Gene Drives: Pursuing opportunities, minimizing risk

K. L. Warmbrod, A. Kobokovich, R. West, G. Ray, M. Trotochaud and M. Montague,  Center for Health Security,  2020.

In the future, it may be possible for humans to manipulate entire ecosystems with little continuous input through the use of emerging biotechnologies. Gene drives are one such technology, themselves derived from nature, with the potential to make directed and highly specific modifications to the genetics of entire populations, with repercussions for whole ecosystems. While there has been extensive public analysis of the risks and benefits of gene drives for the control of malaria, which will likely be their first practical application, this report anticipates the world after that initial application.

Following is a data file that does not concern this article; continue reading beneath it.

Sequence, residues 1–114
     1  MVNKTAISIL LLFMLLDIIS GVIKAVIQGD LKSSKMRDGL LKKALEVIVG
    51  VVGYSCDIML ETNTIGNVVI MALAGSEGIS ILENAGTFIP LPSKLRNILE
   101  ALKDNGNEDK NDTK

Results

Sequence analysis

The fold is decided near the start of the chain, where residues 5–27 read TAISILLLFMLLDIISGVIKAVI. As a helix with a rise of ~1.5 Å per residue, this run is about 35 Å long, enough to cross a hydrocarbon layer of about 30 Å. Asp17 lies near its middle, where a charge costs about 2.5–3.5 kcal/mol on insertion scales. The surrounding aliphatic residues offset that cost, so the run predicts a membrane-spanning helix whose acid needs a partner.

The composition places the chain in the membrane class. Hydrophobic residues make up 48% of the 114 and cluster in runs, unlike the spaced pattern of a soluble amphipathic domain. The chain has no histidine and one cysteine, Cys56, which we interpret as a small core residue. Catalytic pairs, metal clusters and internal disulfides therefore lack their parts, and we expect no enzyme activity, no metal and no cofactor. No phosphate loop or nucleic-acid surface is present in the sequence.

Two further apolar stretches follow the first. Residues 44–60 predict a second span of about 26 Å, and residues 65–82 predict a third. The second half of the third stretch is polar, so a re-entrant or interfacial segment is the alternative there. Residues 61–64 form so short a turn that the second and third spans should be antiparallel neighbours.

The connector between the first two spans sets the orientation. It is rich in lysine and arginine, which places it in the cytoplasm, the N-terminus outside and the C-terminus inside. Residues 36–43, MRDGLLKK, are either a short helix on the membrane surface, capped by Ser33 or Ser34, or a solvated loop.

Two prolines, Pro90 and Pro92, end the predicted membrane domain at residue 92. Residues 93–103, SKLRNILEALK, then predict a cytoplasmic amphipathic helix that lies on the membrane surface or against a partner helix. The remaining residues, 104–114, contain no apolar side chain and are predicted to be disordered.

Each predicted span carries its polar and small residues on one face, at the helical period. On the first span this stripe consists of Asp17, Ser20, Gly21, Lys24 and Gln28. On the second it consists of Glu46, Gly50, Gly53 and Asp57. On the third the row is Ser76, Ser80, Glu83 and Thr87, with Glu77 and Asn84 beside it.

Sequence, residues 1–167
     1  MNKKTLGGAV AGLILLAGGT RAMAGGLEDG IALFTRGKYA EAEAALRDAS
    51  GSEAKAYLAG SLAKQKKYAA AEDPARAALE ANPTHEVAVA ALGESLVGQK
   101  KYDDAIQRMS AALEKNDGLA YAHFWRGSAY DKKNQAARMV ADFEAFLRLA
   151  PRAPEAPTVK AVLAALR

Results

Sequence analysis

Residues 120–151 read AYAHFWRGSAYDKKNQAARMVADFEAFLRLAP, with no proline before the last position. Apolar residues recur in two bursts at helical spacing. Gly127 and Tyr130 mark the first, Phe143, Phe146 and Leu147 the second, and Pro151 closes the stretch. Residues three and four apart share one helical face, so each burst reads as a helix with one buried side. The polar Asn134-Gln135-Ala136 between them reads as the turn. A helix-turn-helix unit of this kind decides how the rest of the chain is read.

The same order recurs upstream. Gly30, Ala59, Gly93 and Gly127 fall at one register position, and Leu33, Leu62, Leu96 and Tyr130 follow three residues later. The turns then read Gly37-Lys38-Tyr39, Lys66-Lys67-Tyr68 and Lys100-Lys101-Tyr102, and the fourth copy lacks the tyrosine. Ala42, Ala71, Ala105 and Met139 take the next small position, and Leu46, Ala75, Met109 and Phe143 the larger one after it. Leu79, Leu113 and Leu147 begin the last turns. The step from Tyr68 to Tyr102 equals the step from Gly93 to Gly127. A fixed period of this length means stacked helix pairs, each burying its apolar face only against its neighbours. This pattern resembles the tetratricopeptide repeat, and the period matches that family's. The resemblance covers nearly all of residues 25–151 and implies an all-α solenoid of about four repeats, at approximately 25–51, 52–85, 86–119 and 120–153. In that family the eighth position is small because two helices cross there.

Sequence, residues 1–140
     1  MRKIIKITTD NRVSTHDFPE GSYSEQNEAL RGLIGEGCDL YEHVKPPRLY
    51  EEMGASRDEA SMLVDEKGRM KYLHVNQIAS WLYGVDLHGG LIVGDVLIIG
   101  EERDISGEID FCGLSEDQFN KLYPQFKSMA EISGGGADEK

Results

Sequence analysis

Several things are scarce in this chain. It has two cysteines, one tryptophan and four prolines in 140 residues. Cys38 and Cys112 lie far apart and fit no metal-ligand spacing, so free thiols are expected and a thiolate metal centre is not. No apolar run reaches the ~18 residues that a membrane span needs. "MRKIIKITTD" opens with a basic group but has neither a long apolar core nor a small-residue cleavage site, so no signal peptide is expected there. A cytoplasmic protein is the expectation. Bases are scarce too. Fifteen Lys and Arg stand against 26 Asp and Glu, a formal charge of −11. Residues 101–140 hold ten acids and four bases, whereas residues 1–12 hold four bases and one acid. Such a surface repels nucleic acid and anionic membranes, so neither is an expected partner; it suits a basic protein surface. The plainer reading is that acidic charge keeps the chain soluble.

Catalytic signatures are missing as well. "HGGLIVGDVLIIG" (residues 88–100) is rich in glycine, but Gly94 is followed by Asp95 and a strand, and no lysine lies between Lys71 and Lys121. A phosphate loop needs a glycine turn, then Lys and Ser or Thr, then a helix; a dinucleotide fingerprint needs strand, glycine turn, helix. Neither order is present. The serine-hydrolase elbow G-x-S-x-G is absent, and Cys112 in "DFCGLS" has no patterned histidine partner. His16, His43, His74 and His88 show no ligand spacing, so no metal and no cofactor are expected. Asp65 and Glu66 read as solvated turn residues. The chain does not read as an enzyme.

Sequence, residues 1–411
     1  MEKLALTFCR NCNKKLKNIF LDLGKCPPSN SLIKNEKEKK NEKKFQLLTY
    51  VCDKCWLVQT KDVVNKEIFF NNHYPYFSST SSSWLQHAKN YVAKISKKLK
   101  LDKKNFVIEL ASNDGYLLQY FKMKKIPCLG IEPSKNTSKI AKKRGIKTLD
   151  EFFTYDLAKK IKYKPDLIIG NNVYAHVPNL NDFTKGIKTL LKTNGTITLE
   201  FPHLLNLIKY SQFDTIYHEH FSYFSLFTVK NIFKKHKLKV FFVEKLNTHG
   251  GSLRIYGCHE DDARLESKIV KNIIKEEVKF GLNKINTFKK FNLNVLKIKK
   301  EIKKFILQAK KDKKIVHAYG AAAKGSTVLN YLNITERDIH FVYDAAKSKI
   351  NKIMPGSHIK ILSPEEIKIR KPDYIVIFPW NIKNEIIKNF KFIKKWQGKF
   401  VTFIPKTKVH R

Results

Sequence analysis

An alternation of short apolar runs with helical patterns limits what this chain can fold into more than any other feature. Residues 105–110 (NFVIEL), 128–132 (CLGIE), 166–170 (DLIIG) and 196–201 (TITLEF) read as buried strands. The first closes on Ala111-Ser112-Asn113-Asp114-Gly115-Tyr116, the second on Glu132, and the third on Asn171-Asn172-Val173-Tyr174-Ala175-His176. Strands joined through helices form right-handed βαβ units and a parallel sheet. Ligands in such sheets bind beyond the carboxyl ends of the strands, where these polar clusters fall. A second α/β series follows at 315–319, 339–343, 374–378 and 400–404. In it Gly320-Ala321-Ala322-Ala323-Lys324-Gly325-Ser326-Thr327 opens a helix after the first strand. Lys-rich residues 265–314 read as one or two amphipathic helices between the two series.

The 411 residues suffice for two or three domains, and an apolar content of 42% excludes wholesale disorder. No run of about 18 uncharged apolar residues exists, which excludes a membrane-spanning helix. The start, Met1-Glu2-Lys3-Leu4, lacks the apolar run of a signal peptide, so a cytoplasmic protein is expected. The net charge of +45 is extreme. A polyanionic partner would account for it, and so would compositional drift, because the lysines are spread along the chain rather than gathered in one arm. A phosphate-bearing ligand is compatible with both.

This study analyzed the current state of gene drive technologies, the ways in which they might be deployed in the field, and the state of regulatory policy governing their development. Elements of legislation should include monitoring, risk assessment, tiered registration, and the requirement for a reversal drive to be developed and ready to deploy if needed at the same time the original drive is deployed


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